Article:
Those involved with safety instrumented systems (SIS) know that the performance of the system to perform on demand requires all elements of the safety loop: logic solver, sensor, and final control element to correctly perform their role.
Data from the Offshore Reliability Database (OREDA) points out that 92% of the failures come from problems in the sensors or final control elements.
The IEC 61508 international safety standard stipulates requirements for equipment to be used in safety applications. It must be suitable for the safety application, that is, for the appropriate safety integrity level (SIL). SIL is defined:
Safety Integrity Levels (SILs) are a safety-measurement standard defined by several bodies including the International Electrotechnical Commission in IEC 61508 to quantify the chance of dangerous failures in electrical or electronic safety devices, that is, the probability of the device to fail in performing its safety function.
Process manufacturers typically seek products certified to this standard by a reputable independent agency like one of the TÜV certification agencies to achieve compliance with the IEC 61511 international safety standard.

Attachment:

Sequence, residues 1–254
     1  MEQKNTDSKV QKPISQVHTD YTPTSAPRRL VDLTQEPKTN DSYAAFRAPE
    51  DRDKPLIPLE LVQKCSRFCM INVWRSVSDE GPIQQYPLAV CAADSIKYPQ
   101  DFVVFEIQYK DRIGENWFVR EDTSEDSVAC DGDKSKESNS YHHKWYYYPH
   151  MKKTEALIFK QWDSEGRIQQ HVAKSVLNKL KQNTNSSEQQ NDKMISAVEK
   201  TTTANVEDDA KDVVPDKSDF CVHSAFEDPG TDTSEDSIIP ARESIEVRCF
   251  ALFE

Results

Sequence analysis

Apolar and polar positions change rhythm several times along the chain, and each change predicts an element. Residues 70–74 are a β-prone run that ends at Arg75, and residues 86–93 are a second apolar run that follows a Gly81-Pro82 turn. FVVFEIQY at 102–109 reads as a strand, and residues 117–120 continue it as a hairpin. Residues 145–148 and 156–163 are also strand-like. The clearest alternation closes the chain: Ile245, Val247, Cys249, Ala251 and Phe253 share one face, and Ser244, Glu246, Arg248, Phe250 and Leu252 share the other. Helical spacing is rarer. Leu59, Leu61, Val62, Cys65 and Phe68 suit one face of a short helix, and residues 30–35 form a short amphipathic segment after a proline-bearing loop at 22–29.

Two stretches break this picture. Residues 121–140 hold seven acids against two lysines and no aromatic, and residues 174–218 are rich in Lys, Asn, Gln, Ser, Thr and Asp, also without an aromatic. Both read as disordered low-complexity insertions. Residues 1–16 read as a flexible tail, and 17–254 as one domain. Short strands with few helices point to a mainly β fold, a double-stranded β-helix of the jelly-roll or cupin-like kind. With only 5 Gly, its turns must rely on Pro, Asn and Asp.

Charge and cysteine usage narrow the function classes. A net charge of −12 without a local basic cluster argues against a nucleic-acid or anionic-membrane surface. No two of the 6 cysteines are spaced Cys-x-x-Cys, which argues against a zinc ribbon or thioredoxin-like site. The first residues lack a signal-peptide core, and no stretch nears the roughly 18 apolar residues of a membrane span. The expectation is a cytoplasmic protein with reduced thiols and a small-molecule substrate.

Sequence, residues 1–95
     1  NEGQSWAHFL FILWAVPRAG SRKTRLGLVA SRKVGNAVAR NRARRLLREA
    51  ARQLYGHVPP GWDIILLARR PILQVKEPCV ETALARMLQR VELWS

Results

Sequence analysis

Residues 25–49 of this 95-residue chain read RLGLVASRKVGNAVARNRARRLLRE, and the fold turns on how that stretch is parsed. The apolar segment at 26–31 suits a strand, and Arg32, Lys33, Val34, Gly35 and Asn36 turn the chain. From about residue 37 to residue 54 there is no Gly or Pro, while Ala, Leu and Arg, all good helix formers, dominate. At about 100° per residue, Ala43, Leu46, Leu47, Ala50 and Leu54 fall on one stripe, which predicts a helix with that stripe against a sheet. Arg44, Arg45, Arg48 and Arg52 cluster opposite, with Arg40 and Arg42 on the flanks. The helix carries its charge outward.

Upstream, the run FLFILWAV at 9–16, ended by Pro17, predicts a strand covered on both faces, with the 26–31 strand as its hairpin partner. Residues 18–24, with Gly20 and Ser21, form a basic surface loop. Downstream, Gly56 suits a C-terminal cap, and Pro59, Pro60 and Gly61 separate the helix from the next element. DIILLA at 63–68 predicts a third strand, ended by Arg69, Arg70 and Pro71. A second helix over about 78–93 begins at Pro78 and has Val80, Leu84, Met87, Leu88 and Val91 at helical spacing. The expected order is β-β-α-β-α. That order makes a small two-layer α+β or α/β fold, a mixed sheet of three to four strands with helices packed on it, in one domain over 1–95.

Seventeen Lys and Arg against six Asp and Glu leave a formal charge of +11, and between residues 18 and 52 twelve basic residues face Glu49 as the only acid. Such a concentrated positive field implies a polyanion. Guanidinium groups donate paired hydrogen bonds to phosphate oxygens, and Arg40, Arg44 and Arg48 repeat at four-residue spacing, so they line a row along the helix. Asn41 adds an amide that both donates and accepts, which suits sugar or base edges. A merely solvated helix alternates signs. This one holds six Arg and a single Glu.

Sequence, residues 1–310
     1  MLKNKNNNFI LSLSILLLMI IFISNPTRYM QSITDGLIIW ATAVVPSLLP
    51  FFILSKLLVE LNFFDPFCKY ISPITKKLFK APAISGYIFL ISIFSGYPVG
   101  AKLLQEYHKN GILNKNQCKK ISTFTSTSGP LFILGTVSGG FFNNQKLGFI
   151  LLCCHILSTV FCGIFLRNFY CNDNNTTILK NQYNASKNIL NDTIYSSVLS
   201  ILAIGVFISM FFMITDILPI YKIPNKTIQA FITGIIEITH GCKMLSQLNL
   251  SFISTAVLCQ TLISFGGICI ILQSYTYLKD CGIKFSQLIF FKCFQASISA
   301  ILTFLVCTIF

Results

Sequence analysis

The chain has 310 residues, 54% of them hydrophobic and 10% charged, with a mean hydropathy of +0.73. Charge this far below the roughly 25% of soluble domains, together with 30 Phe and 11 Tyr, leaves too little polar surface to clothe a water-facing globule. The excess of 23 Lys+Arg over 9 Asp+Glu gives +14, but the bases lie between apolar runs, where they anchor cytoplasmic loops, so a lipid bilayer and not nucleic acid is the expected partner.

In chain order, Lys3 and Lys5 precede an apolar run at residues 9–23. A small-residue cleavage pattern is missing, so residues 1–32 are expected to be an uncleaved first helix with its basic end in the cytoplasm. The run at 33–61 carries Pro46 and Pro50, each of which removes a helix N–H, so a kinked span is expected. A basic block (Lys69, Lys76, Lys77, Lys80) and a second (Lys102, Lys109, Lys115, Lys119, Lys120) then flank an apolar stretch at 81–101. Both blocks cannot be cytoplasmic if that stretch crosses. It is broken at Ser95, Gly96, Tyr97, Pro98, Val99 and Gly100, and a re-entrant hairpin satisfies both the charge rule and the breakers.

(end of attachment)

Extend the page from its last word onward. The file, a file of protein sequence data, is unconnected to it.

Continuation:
Suppliers like Emerson can seek certification either by designing new products to achieve certification based upon the safety requirements or by being “proven in use” as defined by the IEC 61508 standard. The folks at Exida have an excellent write up describing the latter method entitled, What does Proven In Use imply?
I caught up with Al Samson, Director of Product Support for our Micro Motion Coriolis flow meter products. Earlier this year Micro Motion flow meters became the first flow meter to be TÜV-certified to the IEC 61508 safety standards.
The Micro Motion 1700/2700 transmitter family has had more than 5 years in service with high reliability so the team used the proven in use method to achieve certification for use in SIL 1-3 applications. These transmitters are used with the Micro Motion Elite, F, T, and DT sensor families.
The Micro Motion team worked with Exida to develop the Failure Modes, Effects and Diagnostics Analysis (FMEDA) and other essential documentation necessary for the TÜV process audit required to receive the proven in use certification.
Al pointed out that the combination of an inherently redundant Coriolis sensor along with a high level of internal diagnostics provided a safe failure fraction of 92% which is the best among this class of sensors.